In A Flash

BC Court of Appeal Confirms Family Status Discrimination Test

The law surrounding family status discrimination has developed considerably across the country in recent years.  In a decision released February 5, 2019, the BC Court of Appeal has confirmed the long-standing test that applies to such cases in British Columbia – a test which continues to differ from that used in other provinces and the federal jurisdiction.

In British Columbia, the test for family status discrimination was developed approximately 15 years ago in Health Sciences Assoc. of B.C. v. Campbell River and North Island Transition Society, 2004 BCCA 260.  The required elements are as follows:

  1. The employer imposed a change to a term or condition of employment; and
  1. The change resulted in a “serious interference with a substantial parental or family duty or obligation” of the employee.

While this test has continued to bind BC courts and administrative tribunals since that time, considerably more liberal tests have been developed and applied in other jurisdictions, where the Campbell River approach has been expressly rejected.  In the federal jurisdiction and other provinces, the various formulations of the test used do not require an employer-imposed change in working conditions, or that the change be “serious” or “substantial” in nature.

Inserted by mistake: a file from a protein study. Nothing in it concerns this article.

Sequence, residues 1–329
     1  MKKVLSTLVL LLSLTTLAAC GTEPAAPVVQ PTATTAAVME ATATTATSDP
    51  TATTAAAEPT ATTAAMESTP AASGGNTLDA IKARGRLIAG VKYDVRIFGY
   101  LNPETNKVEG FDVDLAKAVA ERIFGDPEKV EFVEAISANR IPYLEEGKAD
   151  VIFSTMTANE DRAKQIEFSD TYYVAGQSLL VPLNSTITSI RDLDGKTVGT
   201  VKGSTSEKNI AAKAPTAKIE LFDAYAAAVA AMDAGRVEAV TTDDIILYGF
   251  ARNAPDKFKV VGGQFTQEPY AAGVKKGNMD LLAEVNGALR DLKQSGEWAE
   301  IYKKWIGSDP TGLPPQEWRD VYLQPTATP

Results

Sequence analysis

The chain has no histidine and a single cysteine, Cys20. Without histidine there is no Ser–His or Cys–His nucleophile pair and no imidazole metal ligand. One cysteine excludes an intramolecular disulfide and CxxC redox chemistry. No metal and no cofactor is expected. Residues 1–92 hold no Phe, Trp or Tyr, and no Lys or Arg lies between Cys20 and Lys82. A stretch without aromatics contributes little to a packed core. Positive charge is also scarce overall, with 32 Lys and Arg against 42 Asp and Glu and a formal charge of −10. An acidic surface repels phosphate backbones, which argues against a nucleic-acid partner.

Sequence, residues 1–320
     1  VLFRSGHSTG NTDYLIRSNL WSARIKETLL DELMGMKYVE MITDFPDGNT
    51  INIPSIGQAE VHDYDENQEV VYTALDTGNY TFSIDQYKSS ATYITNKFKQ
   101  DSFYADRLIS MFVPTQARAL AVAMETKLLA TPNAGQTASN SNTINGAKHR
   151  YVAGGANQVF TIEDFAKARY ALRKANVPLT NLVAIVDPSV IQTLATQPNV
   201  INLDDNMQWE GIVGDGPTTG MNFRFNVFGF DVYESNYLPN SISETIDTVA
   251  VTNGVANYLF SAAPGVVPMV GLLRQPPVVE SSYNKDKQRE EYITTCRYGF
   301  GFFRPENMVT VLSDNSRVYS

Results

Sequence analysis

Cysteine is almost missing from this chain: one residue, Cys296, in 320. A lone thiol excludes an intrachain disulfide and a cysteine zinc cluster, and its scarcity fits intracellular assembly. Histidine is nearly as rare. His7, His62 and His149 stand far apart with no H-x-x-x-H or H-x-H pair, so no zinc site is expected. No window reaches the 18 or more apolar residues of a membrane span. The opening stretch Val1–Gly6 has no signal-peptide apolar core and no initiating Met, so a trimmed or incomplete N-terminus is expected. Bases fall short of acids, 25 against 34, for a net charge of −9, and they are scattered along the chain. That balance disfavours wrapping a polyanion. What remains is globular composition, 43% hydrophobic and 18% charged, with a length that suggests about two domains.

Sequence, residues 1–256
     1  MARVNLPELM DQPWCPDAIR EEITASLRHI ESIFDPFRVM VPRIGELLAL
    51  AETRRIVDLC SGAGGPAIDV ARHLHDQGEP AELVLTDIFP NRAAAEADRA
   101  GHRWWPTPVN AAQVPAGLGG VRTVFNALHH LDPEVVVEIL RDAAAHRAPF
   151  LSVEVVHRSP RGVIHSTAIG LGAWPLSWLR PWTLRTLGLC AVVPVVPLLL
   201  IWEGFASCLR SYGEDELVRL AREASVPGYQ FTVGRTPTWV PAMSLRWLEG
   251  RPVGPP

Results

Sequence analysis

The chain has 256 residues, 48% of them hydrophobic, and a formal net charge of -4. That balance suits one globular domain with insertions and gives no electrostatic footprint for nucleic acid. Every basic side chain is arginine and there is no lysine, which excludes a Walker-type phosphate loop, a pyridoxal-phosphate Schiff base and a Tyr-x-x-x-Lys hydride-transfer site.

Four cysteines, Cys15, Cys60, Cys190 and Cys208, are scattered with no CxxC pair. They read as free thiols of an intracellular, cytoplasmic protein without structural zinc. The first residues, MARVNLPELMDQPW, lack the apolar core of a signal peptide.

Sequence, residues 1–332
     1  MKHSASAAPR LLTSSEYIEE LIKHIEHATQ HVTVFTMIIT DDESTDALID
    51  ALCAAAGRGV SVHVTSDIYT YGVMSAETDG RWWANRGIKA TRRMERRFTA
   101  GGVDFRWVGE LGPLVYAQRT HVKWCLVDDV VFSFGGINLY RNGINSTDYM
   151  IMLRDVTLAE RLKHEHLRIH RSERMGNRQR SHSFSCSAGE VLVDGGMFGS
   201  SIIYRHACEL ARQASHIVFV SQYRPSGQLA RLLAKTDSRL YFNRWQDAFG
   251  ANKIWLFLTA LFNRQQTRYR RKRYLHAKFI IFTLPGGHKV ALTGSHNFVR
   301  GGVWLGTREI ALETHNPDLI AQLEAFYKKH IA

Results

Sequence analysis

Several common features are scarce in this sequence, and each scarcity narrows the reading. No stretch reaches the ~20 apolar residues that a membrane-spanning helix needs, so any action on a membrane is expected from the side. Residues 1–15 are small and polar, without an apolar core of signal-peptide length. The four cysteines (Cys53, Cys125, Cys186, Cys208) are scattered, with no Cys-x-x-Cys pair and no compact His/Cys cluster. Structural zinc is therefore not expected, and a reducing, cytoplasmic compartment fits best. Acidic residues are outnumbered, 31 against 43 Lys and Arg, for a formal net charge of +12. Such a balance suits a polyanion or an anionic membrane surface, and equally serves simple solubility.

In Envirocon Environmental Services, ULC v. Suen, 2019 BCCA 46, BC’s highest court had an opportunity to revisit the Campbell River decision.  There, the claimant worked in Burnaby, but was regularly assigned to out of town projects.  Shortly after he welcomed his first child, he was assigned by his employer to work in Manitoba for a two-month period.  When he refused this assignment based on his family circumstances, his employment was terminated and he brought a claim of family status discrimination.

In considering this matter, the BC Court of Appeal expressly declined the opportunity to overrule Campbell River, and instead applied that test in concluding that family status discrimination could not be made established on the facts.  In particular, the Court of Appeal concluded that being away from home for extended periods at a time did not result in serious interference with a “substantial parental obligation”.

This case provides certainty for BC employers regarding the applicable legal test when faced with matters relating to alleged family status discrimination.  It remains to be seen, however, whether leave to appeal this decision will be pursued to the Supreme Court of Canada.

If you have any questions concerning family status accommodation or discrimination, or any other workplace issue, please contact a Mathews Dinsdale lawyer.

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